The Industrial Design program at Humber College has a reputation for producing successful students, with its most recent success featured on the CBC show Dragon’s Den.
Jackson Wyatt, 25, a student in the program, was on the television show February 4 with his brother Morgan, 29, a graduate from McMaster University’s Chemical Biology PhD program.
Together, they pitched their product, The Greenlid.
“It was such a surreal experience,” said Wyatt. “It’s one of my favourite shows, and to actually be there in front of the cameras was so nerve-wracking.”
The Greenlid is an entirely compostable food waste bin. Frustrated with the unpleasant task of dealing with leaking and smelly bags that often accompany the green bin, the Wyatt brothers decided there must be another way.
The brothers were faced with finding the appropriate material that would be durable enough to handle solid and liquid food waste, but also be completely biodegradable.
After much trial and error, they finally landed on molded pulp fiber, the same materials egg cartons are made out of.
“Pulp fiber is a great resource because it’s not only the recyclable material we want, but we can make any shape out of it. It’s incredibly flexible,” said Jackson.
The whole process took about eight months until the brothers settled on something that was both efficient and cost effective he said.
They had met with investors prior to going on the Den, but family and friends insisted they give the show a shot.
“There’s just so much added benefit to going on Dragon’s Den. Even if we didn’t get an investment, the exposure alone was enough to try,” said Jackson.
The brothers managed to make a deal with both David Chilton and Arlene Dickinson.
“I think they were impressed with the environmental aspect of the product, but also how simple it was. People don’t realize just how gross dealing with the green bin is,” said Jackson.
The pair offered $85,000 for 20 per cent of the company.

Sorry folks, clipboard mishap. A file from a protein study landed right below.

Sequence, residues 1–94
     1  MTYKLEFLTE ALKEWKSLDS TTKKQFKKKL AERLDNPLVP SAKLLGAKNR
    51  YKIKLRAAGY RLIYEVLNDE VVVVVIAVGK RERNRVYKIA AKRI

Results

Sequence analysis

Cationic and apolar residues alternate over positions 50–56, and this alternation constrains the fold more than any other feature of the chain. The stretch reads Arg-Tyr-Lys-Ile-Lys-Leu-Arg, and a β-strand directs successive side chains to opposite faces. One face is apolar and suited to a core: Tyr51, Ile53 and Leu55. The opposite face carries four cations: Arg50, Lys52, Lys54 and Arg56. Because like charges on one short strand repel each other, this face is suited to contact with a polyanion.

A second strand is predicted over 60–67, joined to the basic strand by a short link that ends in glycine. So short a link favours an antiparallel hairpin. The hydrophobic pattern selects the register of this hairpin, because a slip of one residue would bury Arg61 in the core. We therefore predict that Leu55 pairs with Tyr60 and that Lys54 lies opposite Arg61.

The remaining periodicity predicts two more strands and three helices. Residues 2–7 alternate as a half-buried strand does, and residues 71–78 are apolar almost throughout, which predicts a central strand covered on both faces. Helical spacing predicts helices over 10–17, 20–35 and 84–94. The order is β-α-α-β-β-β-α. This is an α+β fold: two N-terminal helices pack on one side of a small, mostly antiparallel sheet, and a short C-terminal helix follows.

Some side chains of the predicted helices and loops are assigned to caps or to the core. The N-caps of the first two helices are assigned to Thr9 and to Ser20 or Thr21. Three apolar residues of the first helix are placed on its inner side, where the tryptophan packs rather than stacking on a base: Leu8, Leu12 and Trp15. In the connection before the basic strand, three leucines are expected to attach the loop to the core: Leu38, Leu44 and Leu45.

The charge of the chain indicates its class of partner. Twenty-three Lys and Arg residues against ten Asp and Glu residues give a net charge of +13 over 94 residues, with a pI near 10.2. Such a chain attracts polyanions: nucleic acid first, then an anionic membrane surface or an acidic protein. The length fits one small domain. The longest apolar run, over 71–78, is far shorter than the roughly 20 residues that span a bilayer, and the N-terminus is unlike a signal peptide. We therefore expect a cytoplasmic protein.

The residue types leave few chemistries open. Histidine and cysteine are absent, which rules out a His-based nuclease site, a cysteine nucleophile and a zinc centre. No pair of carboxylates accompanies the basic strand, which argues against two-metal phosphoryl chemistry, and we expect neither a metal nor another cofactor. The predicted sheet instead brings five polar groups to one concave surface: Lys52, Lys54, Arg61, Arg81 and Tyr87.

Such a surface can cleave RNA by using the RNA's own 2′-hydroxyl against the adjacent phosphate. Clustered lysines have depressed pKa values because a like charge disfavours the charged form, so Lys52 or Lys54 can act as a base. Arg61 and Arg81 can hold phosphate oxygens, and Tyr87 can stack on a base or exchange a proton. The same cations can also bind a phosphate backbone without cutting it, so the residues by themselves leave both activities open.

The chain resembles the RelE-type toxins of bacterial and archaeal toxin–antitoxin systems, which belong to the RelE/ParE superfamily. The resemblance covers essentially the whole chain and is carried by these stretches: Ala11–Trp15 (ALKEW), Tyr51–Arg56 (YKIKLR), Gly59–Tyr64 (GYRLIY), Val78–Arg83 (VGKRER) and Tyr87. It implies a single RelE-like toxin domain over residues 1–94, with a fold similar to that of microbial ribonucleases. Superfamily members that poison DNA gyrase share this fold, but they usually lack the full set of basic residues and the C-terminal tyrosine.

Catherine Chong, one of Jackson’s instructors at the Industrial Design school at Humber, said Jackson’s product is a good example of many program success stories.
“The Industrial Design program is difficult, but pretty comprehensive. We help students by teaching them to communicate through drawing, investigate materials, source those materials, and then ultimately develop them into a product,” said Chong.
Humber’s program is known to be more hands-on than its competitors at Carleton University and OCAD.
“It’s a very practical program,” said Chong. “We focus on teaching you how to apply valuable skills.
Sandro Zaccolo, another one of Jackson’s instructors, said the Industrial Design program strikes a good balance between design and theory.
“We talked about intellectual property patents and offshore manufacturing,” said Zaccolo.
Entrepreneurship and industrial design are becoming increasingly linked, according to program educators, and it’s important to the business fundamentals that are integral to launching a product.
What the Wyatt brothers lacked in entrepreneurial know-how, they’ve now gained in Dragon experience.
“Arlene has so many contacts, and David is so hands-on. I feel like our business has just accelerated 10 times as fast as it would have if we had just done it on our own,” said Jackson.
The Greenlid is already available at Home Hardware, with plans to expand to other locations in the future.